Ultimately, numismatics is history and it’s difficult to get much more historic than lot 1111 in the Geoffrey Bell Auctions Ltd. Toronto Coin Expo 2017 Fall Sale, a rare Hudson’s Bay Company cheque. With this piece you link the early beginnings of Canada as we know it today through a numismatic document connected to the iconic Hudson’s Bay Company.
It is not common to see a cheque over 327 years old. It is certainly not common to see a cheque connected to the Hudson’s Bay Company of that age. And to think it has a Canadian connection. Geoffrey Bell Auctions is proud to feature such a document. This note (cheque) is dated 1690 and was a note of one of the Company’s bankers, Stephen Evans (Evance). He was elected a Governor of the HBC in 1692.
The note is endorsed by its guarantors, all shareholders in the HBC. The signatories are E. Dering, Dep. Gov, HBC, Samuel Clarke, Dep Gov, elected in 1692 to succeed Sir Edward Dering, A.Hayward?, Samuel Foote, Samuel Cudworth, member of the Committee, HBC, Thomas Chambers, and Edward West.
It is interesting that Chambers led a movement against the Committee, particularly the Deputy Governor Dering. In June 1690, the HBC decided to sell off some of its fur inventory at what Chambers believed to be advantageous prices to a Thomas Glover. Chambers offered 200 pounds more but was refused by the Committee. Chambers accused the Committee and Dering of improper handling of the sale, but his accusation was rejected. Chambers was then deprived of his Committee member payments that prevented sale of his stock. In 1692, Chambers recovered control of his stock, but his relationship with the Company ended. Edward West was the HBC’s warehouse keeper who soon was to be promoted to Committee man.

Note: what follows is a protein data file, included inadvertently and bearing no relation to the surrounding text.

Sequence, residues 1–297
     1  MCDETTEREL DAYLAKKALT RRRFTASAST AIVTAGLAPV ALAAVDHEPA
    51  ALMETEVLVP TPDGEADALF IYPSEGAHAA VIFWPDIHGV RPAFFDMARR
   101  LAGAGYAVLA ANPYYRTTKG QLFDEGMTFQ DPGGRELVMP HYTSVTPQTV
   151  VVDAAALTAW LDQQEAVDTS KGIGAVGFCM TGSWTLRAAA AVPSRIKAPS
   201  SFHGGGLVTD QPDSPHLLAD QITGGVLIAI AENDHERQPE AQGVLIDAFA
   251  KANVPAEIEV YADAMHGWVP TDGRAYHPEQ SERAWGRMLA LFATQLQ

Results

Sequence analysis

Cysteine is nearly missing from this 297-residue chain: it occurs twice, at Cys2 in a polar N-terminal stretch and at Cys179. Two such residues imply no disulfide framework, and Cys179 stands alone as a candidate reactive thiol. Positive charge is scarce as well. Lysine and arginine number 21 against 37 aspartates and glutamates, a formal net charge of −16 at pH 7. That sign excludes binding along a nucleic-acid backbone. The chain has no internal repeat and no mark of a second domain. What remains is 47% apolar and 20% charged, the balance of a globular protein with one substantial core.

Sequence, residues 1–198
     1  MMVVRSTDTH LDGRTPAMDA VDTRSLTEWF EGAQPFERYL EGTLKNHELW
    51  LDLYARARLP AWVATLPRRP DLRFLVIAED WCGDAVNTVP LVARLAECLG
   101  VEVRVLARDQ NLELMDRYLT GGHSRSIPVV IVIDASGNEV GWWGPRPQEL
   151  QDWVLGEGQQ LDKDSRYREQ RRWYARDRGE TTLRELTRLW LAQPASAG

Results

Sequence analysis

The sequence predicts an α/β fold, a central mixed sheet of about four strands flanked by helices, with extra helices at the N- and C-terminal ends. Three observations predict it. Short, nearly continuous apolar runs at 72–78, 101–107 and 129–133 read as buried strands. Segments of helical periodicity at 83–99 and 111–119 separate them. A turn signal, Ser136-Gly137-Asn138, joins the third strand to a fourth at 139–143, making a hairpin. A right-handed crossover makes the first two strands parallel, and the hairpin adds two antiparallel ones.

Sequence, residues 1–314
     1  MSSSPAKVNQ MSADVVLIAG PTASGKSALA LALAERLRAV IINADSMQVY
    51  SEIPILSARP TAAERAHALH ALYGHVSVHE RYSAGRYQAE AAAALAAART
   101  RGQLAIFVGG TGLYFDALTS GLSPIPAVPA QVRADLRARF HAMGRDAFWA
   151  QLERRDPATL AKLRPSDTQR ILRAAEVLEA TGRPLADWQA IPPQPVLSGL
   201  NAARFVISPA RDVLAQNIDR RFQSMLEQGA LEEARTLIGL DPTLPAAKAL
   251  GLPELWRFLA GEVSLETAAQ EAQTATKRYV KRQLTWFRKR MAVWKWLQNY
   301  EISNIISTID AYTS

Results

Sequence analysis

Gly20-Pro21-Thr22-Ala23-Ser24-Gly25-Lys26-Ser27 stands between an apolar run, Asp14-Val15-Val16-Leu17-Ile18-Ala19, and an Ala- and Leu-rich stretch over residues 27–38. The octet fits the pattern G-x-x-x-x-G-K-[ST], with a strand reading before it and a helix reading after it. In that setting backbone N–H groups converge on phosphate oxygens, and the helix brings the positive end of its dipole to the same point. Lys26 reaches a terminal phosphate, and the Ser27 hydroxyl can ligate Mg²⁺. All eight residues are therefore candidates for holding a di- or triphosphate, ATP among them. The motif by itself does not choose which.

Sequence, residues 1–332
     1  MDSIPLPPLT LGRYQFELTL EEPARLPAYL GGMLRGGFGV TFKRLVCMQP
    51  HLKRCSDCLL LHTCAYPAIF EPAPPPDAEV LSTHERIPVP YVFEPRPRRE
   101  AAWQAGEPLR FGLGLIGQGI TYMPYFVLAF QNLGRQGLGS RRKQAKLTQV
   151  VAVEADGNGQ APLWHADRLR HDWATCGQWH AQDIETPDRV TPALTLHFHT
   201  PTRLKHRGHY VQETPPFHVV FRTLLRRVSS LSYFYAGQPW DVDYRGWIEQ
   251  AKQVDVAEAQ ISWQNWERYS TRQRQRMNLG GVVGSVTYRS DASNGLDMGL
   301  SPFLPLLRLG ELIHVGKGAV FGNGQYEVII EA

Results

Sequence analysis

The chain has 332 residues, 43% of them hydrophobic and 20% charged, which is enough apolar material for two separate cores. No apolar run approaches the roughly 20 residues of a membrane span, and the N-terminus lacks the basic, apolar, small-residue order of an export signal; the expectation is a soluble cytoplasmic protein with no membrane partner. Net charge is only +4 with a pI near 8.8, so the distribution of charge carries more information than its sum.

This note (cheque) is payable to William Potter, the Company’s accountant. In 1690, he took over the position of Company’s Secretary, thus holding down two positions. Potter was to earn 100 pounds a year as opposed to the 50 pounds that he and the ex Secretary used to make. This note accounts for his first half year’s pay. In June 1690, Potter was charged with checking over the Act of 1690, confirming the Company charter.
The only previous known Hudson’s Bay Company cheque similar to this specimen was a note issued to a mariner, again in 1690. The Bank of Canada purchased that specimen in 2003 for several thousand dollars. This is the ultimate opportunity to purchase such a historical, numismatic document. Accompanying this exceptional specimen is a package of historical background notes.
The Toronto Coin Expo 2017 Fall Sale is approaching quickly, so mark your calendars for September 28th and 29th, whether you’re attending in person or online. And be sure to follow the action on Facebook and Twitter.